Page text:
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    1909-11 T206 Sweet Caporal Honus Wagner PSA Fair 1.5. Even in an industry built upon nostalgia, progress marches ever onward. Though all of us were more than happy to toss our 2020 calendars into the trash can, it was the year that the hobby floodgates burst open with soaring prices for limited-edition holographic "sparkle" cards and purely virtual non-fungible tokens (NFT's), an unprecedented era of innovation that shook up the collectibles world. Countless thousands of new buyers pumped countless billions of new dollars into the market, toppling pricing records like dominoes and teaching us old dogs, who had never given much thought to anything not coated in decades of dust, a fresh new set of tricks. It's a groundbreaking era for the sports collectibles marketplace, and we welcome this burgeoning rush of converts to our congregation with open arms.

    But for those young pups who would be open to reciprocation, this extraordinary offering seems the perfect opportunity to provide some old dog wisdom.

    For as long as even the most gray-muzzled among us can recall, the T206 Honus Wagner has reigned as the unequivocal calling card of the hobby elite. No longer the most expensive card ever sold, it had held that distinction for the better part of a century, the brightest star of the personal collection of Jefferson Burdick, the man who coined the term "T206" in the exhaustive trading card taxonomy that remains his hobby legacy. Burdick was set upon this Herculean task when his offer to donate his massive collection to the Metropolitan Museum of Art in New York City met with its curator's conditional acceptance of the gift--Burdick would have to organize and catalog the collection himself. He'd spend the last fifteen years of his life dedicated to that assignment, moving from his native Syracuse to a downtown New York City hotel so that he could set up office space in the Department of Prints at the Met, his days spent affixing cards to album pages. According to the introduction of Burdick's directory, authored by the museum curator A. Hyatt Mayor, Burdick pasted down his last card on January 10, 1963, donned his coat and announced, "I shan't be back." Two months later, he was dead at age sixty-three, and buried beneath a headstone engraved, "One of the greatest card collectors of all times."

    While we're certain that Burdick would view the recent explosion of limited edition parallel cards and their computer-generated contemporaries with some degree of bemusement, he most assuredly would smile down upon those of us who share his passion for this slab of antique cardboard that came about its scarcity and acclaim in the old-fashioned way. The presented T206 Honus Wagner is the quintessential example of true collectible rarity, a profoundly endangered species driven to the edge of extinction first by an intensely abridged original production run and then by the merciless indifference of Father Time. Burdick valued the card at $50 in his 1933 edition of "The American Card Catalog," equivalent to $1,000 today, and the priciest card in his collection.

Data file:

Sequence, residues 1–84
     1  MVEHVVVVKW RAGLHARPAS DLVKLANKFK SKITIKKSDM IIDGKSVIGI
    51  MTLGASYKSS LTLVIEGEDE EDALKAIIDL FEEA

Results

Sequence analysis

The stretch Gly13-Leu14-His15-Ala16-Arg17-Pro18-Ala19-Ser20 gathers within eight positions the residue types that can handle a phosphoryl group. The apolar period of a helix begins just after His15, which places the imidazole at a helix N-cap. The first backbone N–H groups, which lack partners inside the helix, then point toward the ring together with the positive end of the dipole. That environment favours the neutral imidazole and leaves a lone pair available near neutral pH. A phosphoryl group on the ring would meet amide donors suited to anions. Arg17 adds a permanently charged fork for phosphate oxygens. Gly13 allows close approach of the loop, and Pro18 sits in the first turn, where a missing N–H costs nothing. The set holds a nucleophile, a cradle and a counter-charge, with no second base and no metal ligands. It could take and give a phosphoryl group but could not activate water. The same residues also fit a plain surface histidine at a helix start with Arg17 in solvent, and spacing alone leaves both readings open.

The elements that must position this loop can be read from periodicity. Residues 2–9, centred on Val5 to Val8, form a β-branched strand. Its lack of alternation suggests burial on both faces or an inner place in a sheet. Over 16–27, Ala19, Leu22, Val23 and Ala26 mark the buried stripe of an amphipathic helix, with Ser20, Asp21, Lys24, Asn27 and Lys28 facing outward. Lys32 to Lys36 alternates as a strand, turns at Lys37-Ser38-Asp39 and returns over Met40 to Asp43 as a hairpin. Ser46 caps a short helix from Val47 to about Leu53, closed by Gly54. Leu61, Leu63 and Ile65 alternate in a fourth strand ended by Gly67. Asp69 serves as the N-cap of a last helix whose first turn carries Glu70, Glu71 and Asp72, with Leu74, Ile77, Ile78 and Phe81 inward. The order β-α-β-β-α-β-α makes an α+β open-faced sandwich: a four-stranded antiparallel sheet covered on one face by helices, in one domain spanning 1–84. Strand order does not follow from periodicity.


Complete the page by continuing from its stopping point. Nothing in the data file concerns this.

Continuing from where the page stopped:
The most popular story for Wagner's extreme scarcity relative to other entries from American Tobacco's magnum opus suggests that the Hall of Fame shortstop for the Pittsburgh Pirates was concerned that cigarette cards would guide America's youth toward a bad habit--a rather forward-thinking opinion at the time--but baseball historians are correct to point out that Wagner does appear in other tobacco issues, and that he himself was a user. The more probable solution to the riddle is that Wagner simply refused to agree to the financial terms offered for the use of his likeness.

    While the cause remains uncertain, the effect is not-the Pirates shortstop was quickly pulled from the production roster and the original printing plate destroyed, providing only a small population of Wagners the opportunity for distribution throughout the American Tobacco supply chain.

    Most experts today calculate the full population of surviving T206 Wagners at about five dozen, thirty-six of which are housed in the slab of the hobby's leading grading service. Only a single example appears in the upper half of the grading spectrum, the notorious "McNall/Gretzky Wagner," sold to the owner of the Los Angeles Kings and his iconic Hall of Fame center in 1991 for a then-record $451,000. It last traded hands in 2007 for $2.35 million, though a different example has since claimed the Wagner record at $3.12 million in 2016.

    Just two months ago, Heritage Auctions gave that record card a run for its money, coming up just short at $2.52 million for an example that was the pride and joy of former Major Leaguer and Hall of Fame broadcaster Joe Garagiola. That card was assessed as "Authentic" by SGC due to its failure to meet minimum size requirements. The offered example, by contrast, has been confirmed as unaltered, assigned a PSA grade of Fair 1.5. The assessment relates to a vertical crease that runs a lazy diagonal past the Old Dutchman's right ear, and four spots of toning at the rear corners, clearly the result of scrapbook presentation that is the likeliest cause for its survival to present day.

    Will this example claim the Wagner pricing throne? There's certainly reason to believe it might. And what could the future hold? We'll advise newcomers that the highest-graded Wagner we've ever sold, a PSA Good 2 specimen, found a new owner at $776,750 fewer than five years ago. The Old Dutchman isn't done climbing yet, not by a long shot.


    Auction Info

    Auction Dates
    May, 2021
    6th-8th Thursday-Saturday
    Bids + Registered Phone Bidders: 28
    Lot Tracking Activity: N/A
    Page Views: 13,680

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